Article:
## Contours

In relatively simple glyphs like the letter c shown in FIGURE 4, the sequence of points defining the glyph combine to form a closed shape termed a contour. In more complex glyphs like the letter B shown in FIGURE 5 below, sequences of points define three distinct closed shapes, each being a contour.

FIGURE 5A glyph outline with three contours

As can be deduced from these examples, glyphs can have zero or more contours. (The space glyph, which has an advance width but no other visible manifestation, has zero contours.)

## The direction of contours:

In defining a contour, a font manufacturer must keep a number of rules in mind. The points in a contour must be ordered consecutively beginning with, in the case of the first contour, point 0. Subsequent contours will begin with the first unused number. It must be possible to trace around each contour by going from point to point along the contour in the order specified in the font file.

The order in which points are specified is significant because it determines the direction of the contour. The direction is always from lower point number toward higher point number.

The direction of a glyph's contours is used to determine which portions of the shape defined by the contours is filled(black) and which portions are unfilled (white).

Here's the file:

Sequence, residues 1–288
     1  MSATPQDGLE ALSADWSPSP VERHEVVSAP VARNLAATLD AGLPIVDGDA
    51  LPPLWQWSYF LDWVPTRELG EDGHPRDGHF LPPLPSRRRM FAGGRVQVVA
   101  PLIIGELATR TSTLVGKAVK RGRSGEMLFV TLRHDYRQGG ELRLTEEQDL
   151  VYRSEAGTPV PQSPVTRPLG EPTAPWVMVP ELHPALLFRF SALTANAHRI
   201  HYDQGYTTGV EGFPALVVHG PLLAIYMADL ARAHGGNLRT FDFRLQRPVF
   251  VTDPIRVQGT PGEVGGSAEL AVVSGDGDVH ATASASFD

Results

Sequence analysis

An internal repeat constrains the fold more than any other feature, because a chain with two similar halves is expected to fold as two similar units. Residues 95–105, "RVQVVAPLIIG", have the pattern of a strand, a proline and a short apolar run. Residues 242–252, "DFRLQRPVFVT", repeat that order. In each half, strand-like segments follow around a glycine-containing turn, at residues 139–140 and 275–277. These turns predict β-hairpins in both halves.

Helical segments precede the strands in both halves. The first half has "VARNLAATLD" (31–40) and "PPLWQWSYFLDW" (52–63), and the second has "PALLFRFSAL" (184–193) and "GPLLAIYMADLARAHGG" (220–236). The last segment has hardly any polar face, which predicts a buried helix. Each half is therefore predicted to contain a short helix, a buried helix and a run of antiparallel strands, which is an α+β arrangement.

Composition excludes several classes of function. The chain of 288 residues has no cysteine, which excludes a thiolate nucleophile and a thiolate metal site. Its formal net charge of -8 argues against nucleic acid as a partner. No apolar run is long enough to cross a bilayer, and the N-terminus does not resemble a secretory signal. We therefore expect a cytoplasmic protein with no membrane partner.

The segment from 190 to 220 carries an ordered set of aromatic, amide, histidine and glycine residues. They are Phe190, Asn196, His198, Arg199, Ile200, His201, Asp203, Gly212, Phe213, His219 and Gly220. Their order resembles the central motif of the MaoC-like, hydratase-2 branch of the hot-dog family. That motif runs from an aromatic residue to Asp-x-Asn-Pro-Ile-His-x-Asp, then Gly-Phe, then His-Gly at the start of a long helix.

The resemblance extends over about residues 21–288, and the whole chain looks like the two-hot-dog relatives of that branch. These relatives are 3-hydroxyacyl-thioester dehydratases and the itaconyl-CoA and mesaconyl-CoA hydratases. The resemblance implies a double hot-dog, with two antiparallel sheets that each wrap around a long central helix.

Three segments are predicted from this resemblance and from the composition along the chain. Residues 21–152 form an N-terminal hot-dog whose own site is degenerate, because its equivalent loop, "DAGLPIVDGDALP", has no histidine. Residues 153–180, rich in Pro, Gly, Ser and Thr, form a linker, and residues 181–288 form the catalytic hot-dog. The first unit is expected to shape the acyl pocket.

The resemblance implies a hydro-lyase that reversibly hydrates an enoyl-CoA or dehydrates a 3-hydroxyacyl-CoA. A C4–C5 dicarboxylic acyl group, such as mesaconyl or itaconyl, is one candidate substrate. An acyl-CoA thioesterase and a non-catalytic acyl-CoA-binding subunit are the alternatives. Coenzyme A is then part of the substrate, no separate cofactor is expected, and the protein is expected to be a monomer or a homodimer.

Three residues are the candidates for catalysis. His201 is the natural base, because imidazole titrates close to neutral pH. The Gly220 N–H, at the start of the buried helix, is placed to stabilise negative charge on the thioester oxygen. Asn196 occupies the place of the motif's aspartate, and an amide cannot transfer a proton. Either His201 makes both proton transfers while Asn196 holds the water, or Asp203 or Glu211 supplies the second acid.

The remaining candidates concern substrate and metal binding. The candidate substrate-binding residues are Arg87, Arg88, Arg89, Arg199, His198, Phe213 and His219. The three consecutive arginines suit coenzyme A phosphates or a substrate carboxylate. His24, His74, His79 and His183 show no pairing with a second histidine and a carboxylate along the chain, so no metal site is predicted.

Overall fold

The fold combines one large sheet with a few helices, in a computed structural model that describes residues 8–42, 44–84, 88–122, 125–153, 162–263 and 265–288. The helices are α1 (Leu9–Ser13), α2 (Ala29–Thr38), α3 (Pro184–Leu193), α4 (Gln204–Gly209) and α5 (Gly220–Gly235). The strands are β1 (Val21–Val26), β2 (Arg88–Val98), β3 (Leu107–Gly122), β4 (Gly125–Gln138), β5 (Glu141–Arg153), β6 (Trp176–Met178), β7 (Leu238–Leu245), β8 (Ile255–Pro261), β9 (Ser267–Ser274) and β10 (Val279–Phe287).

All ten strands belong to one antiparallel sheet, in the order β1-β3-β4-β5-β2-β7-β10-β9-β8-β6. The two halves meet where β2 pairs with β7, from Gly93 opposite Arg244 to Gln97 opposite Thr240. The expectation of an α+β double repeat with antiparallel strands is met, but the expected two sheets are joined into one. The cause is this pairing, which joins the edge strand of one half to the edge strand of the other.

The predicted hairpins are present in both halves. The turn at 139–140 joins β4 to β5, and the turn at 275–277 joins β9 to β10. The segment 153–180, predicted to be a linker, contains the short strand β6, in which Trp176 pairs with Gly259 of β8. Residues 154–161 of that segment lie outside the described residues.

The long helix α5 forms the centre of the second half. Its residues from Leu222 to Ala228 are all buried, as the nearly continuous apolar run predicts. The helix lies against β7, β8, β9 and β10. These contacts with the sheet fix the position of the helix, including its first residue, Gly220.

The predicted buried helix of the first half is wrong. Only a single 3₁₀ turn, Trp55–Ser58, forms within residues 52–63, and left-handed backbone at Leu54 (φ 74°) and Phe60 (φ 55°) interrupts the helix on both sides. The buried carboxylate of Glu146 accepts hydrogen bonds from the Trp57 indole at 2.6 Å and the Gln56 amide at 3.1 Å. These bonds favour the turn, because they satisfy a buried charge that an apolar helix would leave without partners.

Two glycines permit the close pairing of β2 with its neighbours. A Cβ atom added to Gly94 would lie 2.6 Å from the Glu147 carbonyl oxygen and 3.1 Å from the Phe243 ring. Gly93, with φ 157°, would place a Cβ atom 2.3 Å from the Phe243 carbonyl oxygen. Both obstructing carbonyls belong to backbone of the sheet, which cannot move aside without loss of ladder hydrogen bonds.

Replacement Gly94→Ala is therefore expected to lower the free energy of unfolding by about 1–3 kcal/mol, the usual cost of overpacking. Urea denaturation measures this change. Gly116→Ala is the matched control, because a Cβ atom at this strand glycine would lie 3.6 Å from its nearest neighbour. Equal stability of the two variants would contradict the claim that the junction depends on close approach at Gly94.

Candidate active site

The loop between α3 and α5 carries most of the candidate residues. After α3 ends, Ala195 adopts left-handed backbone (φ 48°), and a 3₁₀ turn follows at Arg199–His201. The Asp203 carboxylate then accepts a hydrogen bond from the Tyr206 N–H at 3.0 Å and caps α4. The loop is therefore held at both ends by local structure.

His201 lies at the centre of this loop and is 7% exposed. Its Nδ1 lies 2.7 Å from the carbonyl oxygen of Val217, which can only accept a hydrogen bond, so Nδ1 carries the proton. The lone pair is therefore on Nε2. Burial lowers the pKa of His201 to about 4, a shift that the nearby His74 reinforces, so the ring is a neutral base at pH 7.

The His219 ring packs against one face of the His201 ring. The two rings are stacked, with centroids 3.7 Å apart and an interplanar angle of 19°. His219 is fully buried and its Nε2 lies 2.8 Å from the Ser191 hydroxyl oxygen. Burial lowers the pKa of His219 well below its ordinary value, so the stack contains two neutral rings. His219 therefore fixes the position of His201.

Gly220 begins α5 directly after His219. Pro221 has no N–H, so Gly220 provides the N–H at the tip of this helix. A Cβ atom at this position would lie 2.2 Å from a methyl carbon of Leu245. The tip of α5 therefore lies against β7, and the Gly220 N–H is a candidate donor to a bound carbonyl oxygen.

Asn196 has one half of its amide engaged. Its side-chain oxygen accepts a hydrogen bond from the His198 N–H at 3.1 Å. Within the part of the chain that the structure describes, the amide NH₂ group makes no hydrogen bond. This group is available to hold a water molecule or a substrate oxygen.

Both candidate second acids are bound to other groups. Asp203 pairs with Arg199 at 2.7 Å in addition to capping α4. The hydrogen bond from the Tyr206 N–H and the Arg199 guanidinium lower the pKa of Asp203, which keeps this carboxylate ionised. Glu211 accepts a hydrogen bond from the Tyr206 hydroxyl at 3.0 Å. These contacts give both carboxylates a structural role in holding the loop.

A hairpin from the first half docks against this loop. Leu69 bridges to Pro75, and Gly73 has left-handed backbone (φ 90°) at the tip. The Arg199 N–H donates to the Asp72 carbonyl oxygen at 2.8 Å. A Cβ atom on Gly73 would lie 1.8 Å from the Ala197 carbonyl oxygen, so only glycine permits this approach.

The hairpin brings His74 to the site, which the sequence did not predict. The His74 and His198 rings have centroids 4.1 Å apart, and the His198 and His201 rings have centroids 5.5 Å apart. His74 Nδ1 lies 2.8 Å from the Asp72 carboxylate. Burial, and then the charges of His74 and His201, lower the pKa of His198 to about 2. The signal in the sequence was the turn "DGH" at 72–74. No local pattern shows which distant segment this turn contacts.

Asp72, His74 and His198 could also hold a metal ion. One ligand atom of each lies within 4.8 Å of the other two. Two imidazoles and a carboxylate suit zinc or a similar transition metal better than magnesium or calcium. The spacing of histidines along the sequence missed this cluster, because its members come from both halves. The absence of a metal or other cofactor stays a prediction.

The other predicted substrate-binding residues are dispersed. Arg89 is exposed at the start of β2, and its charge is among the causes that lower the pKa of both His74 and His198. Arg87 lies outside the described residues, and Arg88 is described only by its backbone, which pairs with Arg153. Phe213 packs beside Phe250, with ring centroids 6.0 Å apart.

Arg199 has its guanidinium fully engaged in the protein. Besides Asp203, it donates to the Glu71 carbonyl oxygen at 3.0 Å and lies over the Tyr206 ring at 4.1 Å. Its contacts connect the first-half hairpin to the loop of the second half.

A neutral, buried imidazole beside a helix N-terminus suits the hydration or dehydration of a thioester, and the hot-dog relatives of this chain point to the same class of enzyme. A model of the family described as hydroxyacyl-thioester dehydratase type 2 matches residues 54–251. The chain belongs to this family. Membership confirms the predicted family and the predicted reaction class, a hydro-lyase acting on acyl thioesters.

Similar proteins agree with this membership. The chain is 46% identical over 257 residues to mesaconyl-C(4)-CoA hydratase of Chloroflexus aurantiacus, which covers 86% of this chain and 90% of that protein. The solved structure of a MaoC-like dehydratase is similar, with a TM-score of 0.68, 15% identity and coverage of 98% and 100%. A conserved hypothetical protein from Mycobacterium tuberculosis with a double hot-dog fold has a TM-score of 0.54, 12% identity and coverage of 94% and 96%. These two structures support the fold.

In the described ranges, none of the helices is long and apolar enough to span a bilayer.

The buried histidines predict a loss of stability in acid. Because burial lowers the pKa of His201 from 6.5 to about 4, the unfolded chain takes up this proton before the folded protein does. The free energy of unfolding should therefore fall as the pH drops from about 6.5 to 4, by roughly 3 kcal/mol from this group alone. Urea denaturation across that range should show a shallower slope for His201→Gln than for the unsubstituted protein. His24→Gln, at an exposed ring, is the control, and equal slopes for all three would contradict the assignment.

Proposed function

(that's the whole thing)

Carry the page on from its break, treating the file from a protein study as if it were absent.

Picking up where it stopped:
In making this determination, TrueType uses the non-zero winding number rule. See Distinguishing the inside from the outside of a glyph for information on the application of this rule.

## Intersecting contours:

TrueType allows for the possibility that two contours might intersect. This feature can be convenient in describing the outlines of letters such as the Q. In such cases, the non-zero winding number rule is invoked to determine the appropriate fill. Black filled areas when placed over other black filled areas will remain black. An example of this effect is shown in FIGURE 6 below.

FIGURE 6

Overlapping contours

## Compound glyphs:

Often it is convenient to combine some of the glyphs in a font to produce new glyphs. This is commonly done to produce accented characters in cases where the font includes both the base character and the accent character. TrueType allows for these combinations through the mechanism of compound glyphs. Some glyphs that might be created in this manner are shown in FIGURE 7.

FIGURE 7

Component glyphs

Compound glyphs consist of a base glyph and a second glyph that is added to produce a new glyph. The new glyph combines the two components to create the new compound form. If desired, glyphs can be created using more than two components.

## Compound glyph placement

To aid in the placement of the additional glyphs relative to the base glyph, information must be provided specifying the offset of the subsequent glyphs from a point in the first glyph.

Each of the glyphs combined to form a compound glyph can be scaled by a different amount. This might be useful, for example, in creating fractions by combining the fraction glyph and two digits.

Each of the glyphs that make up a compound glyph can have associated instructions. The compound glyph as a whole can also have instructions.

A detailed description of the specification for compound glyphs is given in Compound glyphs.